If you’re wanting to find a new, high-paying career, look no further than heating, ventilation and air conditioning. HVAC is one of the fastest-growing careers offered, according to the U.S. Bureau of Labor Statistics, which predicts positions in this industry will grow by 13 percent by 2028.
There’s a couple of reasons why these careers are increasing so rapidly. One is homeowners taking advantage of government rebates to upgrade to more energy-efficient comfort systems. Then there’s the end of R-22 Freon® refrigerants, which influences older equipment. Lastly, there’s the red-hot real estate market and a house shortage that’s driven a bump in new construction homes.
One of the most in-demand positions is working as a HVAC technician. Find out about what they do, how to become one and about how much you can expect to earn.
What Is an HVAC Technician?
A HVAC technician is a person who services, installs and maintains heating and cooling units. Most assist both homes and businesses. And, most important, you’ll be knowledgeable about:
Some are HVAC-R pros, which means they also work with refrigeration.
Is HVAC a Hard Career?
While HVAC can be physically difficult, it can also be highly satisfying. As a technician you’ll be required to be able to:
- Work in uncomfortable settings, such as crowded or dirty spaces.
- Work in hot or cold areas as equipment is typically outdoors.
- Work evenings, weekends and overtime during peak demand.
One of the most common misconceptions about HVAC is that it’s a blue-collar career. You have to have a distinct skill set, specialized instruction and ongoing qualifications.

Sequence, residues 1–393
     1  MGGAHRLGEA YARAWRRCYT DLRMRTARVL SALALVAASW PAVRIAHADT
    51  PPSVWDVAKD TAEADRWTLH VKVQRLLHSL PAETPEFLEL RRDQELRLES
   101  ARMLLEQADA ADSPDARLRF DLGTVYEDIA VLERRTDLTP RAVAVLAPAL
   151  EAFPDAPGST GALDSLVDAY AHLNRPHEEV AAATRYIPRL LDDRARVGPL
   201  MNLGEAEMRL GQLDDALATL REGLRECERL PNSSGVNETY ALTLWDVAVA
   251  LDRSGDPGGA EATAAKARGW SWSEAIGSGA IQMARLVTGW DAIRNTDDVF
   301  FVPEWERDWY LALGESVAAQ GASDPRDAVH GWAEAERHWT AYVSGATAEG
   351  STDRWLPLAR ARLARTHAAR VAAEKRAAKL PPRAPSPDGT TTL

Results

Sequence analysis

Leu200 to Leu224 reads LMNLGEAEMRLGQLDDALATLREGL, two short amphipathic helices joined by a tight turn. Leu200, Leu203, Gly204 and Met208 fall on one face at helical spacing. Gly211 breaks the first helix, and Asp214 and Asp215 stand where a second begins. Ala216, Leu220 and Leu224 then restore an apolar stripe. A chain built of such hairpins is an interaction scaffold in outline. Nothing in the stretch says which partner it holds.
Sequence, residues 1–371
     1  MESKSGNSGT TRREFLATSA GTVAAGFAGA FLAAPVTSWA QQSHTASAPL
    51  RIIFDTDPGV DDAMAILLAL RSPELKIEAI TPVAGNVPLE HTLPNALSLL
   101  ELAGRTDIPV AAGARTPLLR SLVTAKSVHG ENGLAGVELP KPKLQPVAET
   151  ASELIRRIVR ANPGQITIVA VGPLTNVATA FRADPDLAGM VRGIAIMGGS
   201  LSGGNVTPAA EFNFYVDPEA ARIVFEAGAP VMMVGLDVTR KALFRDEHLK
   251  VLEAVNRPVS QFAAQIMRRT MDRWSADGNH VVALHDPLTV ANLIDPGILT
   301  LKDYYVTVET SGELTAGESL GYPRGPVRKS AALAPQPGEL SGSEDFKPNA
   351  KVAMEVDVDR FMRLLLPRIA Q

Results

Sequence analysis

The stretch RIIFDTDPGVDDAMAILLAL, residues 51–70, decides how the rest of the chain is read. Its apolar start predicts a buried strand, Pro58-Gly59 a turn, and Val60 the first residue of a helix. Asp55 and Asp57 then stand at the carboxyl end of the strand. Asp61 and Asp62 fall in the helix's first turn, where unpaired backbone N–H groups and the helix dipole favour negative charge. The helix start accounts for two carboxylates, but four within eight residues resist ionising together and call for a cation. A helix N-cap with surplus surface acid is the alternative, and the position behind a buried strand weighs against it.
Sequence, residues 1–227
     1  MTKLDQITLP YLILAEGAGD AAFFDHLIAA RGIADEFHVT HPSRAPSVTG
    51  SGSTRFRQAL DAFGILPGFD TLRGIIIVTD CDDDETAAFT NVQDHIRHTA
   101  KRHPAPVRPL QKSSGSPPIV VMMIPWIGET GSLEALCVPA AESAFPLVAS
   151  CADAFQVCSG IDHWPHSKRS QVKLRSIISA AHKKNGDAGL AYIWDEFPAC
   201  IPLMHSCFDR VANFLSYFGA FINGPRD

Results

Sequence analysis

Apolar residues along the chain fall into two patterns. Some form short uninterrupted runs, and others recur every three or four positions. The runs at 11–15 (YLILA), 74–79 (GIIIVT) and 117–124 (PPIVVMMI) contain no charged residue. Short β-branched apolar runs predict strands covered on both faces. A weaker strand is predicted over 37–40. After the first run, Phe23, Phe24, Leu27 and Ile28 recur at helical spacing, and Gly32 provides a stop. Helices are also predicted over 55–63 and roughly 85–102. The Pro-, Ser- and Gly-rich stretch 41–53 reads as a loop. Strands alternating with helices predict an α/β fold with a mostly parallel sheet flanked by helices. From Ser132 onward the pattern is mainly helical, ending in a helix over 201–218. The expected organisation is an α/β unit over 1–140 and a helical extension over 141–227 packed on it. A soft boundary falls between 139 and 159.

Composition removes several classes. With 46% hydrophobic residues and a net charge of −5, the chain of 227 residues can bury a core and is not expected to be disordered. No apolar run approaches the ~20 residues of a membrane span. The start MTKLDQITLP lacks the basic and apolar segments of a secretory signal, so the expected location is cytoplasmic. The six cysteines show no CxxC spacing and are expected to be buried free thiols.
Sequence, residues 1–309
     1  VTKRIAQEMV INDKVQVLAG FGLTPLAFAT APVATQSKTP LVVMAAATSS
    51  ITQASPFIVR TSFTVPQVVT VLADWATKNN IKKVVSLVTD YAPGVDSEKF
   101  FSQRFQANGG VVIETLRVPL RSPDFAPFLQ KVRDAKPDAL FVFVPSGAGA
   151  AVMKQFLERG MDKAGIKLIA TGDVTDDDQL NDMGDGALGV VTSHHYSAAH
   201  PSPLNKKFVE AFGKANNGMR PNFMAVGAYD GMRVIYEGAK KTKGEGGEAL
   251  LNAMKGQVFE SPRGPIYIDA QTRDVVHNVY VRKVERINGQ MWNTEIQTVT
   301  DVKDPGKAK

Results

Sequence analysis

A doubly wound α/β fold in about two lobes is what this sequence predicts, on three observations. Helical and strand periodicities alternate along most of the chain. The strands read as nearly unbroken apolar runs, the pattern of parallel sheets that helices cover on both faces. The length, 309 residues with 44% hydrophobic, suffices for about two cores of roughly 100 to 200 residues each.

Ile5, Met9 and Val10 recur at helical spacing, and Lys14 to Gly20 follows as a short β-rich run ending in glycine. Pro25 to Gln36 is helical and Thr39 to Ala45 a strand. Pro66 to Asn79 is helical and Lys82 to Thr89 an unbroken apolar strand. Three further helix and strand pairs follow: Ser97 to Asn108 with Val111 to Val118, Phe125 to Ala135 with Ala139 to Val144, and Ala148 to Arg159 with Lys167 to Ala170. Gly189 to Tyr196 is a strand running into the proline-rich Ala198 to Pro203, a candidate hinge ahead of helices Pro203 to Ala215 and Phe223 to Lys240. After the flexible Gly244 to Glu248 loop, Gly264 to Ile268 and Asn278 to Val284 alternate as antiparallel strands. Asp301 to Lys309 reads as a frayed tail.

It’s a great career option if you want to:
- Not be saddled with heavy amounts of student debt.
- Avoid sitting at a desk or in an office.
- Have job security realizing your position can’t be outsourced.
- Work as your own boss and have your own prosperous business.
How to Become an HVAC Technician
To become an HVAC technician, you should have a high school diploma or GED, in addition to in-depth instruction. Other more specialized (and higher paying) HVAC positions usually need added education or endorsements.
You can get your certification by taking classes at a community college or trade school. How long it takes to become an HVAC technician is linked to the program, which is often six months to two years. Your employer could also require NATE certification. Known as North American Technician Excellence, this top endorsement expands your technical know-how to help you better serve customers.
Career Explorer reports that technicians who can work with tablets, electronics and troubleshooting will be in big demand as equipment updates.
Another advantage of working in HVAC is little to no educational debt.
According to Midwest Technical Institute, attending a technical or trade school usually runs around $15,000. A community college typically costs around $5,000 annually. In contrast, the average student debt for a bachelor’s degree is $25,921.
A Day in the Life of an HVAC Technician